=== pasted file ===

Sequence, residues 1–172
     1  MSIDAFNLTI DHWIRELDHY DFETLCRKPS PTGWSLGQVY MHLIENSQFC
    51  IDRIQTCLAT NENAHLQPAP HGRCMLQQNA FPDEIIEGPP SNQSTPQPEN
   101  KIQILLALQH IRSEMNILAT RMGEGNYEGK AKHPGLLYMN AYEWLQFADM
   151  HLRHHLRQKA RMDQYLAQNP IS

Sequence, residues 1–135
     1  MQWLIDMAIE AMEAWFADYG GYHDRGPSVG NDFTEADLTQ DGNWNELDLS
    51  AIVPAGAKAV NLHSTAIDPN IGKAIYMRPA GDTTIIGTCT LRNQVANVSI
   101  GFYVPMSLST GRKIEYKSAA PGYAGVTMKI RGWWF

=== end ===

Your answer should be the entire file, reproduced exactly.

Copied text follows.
Sequence, residues 1–172
     1  MSIDAFNLTI DHWIRELDHY DFETLCRKPS PTGWSLGQVY MHLIENSQFC
    51  IDRIQTCLAT NENAHLQPAP HGRCMLQQNA FPDEIIEGPP SNQSTPQPEN
   101  KIQILLALQH IRSEMNILAT RMGEGNYEGK AKHPGLLYMN AYEWLQFADM
   151  HLRHHLRQKA RMDQYLAQNP IS

Sequence, residues 1–135
     1  MQWLIDMAIE AMEAWFADYG GYHDRGPSVG NDFTEADLTQ DGNWNELDLS
    51  AIVPAGAKAV NLHSTAIDPN IGKAIYMRPA GDTTIIGTCT LRNQVANVSI
   101  GFYVPMSLST GRKIEYKSAA PGYAGVTMKI RGWWF